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Digital Ads are like Print, but tomorrow they’re more like Out Of Home

I’m old enough to have worked in media before what we know as Digital existed. I worked in magazine publishing in the nineties, tracking discussions and deals on record cards and deciding where editorial and advertising pages went on a paper-based “flat-plan”. Then the internet, mobiles, applications and the whole digital revolution came along and everything changed.


Slowly but surely over the last 20 years or so, digital advertising has sneaked up on and overtaken “traditional” media advertising – classifieds, print, radio, outdoor, TV. According to eMarketer, 2019 is the year when in the US digital advertising will overtake spend on traditional media as a whole, with digital ad spend increasing 19.1%, to $129.3 billion, while traditional advertising will fall 19%, to $109.5 billion.


Advertising and marketing has transitioned from bits of paper to bits and bytes and we have added great complexity to everything. Long gone are the days of the majority of media being bought and sold directly by media planners, buyers and sellers armed with simplistic audience and demographic data. Many will argue that’s a good thing. Others though argue that click fraud and brand safety issues are proof that the digital pendulum has swung too far. Put simply, I don’t see a huge difference between today’s digital advertising and the print industry of old.


For example, if I buy a print ad in the Guardian newspaper or a digital ad on their website or app, the principle is the same. The property owner, Guardian Media Group, makes space for the advertisement within its editorial content. Both print and digital are 2D, flat media, one paper-based, the other screen-based. Regardless of how “native” the creative is (we used to call them advertorials!), the advertisement is inherently interruptive in format.


Why might this be different in the future? Why do I believe the future of digital advertising will be more like Out Of Home advertising?


As I wrote about in my previous post, The case for Darabase, many of the leading digital companies and thinkers globally expect Immersive or Spacial to be the fourth computing platform. Increasingly our digital world will be placed in the context of our physical world. Instead of viewing websites or apps on a flat screen, we will experience and engage with digital content spatially through a lens. Today that is a smartphone camera but shortly will be a pair of smart-glasses. This spatial computing medium, the overlaying of an augmented reality on top of our physical reality, is three dimensional.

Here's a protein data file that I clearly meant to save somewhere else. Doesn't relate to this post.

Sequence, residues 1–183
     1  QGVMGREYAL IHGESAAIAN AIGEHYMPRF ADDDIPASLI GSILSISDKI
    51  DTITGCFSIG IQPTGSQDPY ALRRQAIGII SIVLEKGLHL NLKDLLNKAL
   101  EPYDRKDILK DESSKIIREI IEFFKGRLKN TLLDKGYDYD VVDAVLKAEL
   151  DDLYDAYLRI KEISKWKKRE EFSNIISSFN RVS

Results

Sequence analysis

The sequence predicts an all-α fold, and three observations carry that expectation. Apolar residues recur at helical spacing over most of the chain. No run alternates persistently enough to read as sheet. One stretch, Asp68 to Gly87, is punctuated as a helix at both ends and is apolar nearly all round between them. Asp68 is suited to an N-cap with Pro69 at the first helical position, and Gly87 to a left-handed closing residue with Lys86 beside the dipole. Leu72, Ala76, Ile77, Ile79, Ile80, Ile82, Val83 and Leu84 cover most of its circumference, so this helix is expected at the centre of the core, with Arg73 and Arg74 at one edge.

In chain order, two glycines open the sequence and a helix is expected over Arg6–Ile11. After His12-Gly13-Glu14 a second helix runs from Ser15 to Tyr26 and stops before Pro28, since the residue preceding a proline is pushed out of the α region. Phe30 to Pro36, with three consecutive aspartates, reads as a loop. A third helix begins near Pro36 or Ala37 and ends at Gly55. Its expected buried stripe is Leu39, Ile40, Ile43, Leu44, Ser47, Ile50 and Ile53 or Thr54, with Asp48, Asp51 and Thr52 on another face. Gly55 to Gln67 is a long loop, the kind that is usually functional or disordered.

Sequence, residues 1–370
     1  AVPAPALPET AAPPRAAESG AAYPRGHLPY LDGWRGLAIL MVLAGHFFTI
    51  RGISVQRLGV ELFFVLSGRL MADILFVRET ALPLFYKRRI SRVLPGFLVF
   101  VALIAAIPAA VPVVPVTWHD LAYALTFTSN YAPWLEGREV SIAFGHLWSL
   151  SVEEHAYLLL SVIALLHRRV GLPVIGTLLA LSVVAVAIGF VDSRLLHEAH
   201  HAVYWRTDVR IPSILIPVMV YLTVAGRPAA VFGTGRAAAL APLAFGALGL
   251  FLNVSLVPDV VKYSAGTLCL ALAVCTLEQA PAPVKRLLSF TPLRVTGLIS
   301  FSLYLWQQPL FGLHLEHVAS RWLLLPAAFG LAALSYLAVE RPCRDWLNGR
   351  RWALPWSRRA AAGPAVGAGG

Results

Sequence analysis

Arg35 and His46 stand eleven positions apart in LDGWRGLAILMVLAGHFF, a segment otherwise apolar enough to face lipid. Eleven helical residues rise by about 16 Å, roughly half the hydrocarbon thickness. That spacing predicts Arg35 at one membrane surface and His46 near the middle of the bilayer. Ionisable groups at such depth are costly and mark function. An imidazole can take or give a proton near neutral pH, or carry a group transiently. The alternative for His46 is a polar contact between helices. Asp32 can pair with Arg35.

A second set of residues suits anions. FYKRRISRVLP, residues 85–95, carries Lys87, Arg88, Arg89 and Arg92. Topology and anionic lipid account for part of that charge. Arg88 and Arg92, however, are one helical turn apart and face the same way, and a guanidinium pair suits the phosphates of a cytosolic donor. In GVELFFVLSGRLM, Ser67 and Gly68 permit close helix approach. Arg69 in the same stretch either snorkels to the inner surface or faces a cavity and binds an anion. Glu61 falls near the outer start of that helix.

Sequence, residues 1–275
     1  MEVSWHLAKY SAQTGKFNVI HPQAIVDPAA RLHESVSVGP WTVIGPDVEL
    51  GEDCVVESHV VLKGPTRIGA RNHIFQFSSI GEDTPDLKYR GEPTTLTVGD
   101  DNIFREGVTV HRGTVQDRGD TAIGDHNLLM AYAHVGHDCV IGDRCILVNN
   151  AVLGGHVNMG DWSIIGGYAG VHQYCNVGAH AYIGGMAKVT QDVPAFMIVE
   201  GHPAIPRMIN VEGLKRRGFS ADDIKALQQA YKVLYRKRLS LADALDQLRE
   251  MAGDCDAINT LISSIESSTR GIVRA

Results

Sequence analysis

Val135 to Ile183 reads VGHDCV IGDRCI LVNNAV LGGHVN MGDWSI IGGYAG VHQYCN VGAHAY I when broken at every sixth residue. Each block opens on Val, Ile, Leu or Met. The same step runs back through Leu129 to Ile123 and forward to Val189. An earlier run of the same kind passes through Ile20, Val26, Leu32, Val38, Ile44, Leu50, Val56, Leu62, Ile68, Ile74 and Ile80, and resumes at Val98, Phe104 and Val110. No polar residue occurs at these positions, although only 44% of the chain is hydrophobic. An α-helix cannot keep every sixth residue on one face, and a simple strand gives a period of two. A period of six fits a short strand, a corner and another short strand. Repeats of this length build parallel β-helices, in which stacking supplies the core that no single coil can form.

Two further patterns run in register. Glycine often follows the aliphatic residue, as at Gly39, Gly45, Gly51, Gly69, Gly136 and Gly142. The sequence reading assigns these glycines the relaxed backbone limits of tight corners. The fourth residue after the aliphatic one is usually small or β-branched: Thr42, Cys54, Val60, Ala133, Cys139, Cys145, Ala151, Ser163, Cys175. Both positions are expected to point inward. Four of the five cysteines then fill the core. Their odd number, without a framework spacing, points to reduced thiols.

Let’s say as well as my print ad campaign, I’m booking some Out Of Home media too. I decide to go big and book Piccadilly Lights to really make a splash on London’s ultimate digital screen. Whilst the Ad Unit is 2D, the medium is 3D, with layers of ownership. In the print and digital campaign the property owner is the Guardian. But who’s the owner for Piccadilly Lights? To book the campaign I might go to an OOH specialist agency such as Posterscope, but the media owner is Ocean Outdoor – I could choose to book directly with them instead. So is Ocean Outdoor the property owner? Well no, actually it’s Landsec who also owns the property behind the Piccadilly Lights.


Layered beneath (physically and/or metaphorically) every outdoor advertising unit owned by say JC Decaux or Clear Channel, is a physical property owner. In partnership they have followed a set of rules set by laws and regulated by local and national government to get and give their permission for the advertising unit to appear on their property. They share (in)directly all revenue derived from the campaigns.


OOH media companies partner with a broad range of businesses and bodies, offering value in terms of revenue and services, to be able to leverage their locations with Ad Units. These partners include property owners, management companies, city councils and airport authorities.


Right now the spatial medium is being built by experienced technical professionals and experts who have spent most of their careers in digital businesses. It’s no wonder that it is being thought about like “traditional digital”. It may be a 3D point cloud on the physical world but it is being constructed as essentially a flat digital earth.


I believe that to successfully create a layered and three dimensional digital future, like today’s OOH, it’s vital to engage and reward the stakeholders in the “base layer” – the physical, real-world.


Ori Inbar of Super Ventures and coiner of the term “AR Cloud” recently said,


”The Web Economy was defined by “clicks on links” (CPM/CPC). The AR Cloud-based spatial economy will transition to what I like to call “clicks on bricks””


In my opinion, the owners of those bricks need to be included in the plan.


That’s why we’re building Darabase, the global platform to manage and monetise AR content and permissions on the physical world.


If you would like to learn more and discuss how we could help you control your reality in this exciting and evolving Geo-AR world, please get in touch.


Please subscribe to our newsletter here to stay in touch. Feel free to comment, I’d love to hear your thoughts on the topic, and if you know anyone who is interested in this topic, please do share so I can hear from them too.


Dominic Collins

CEO & Co-Founder, Darabase

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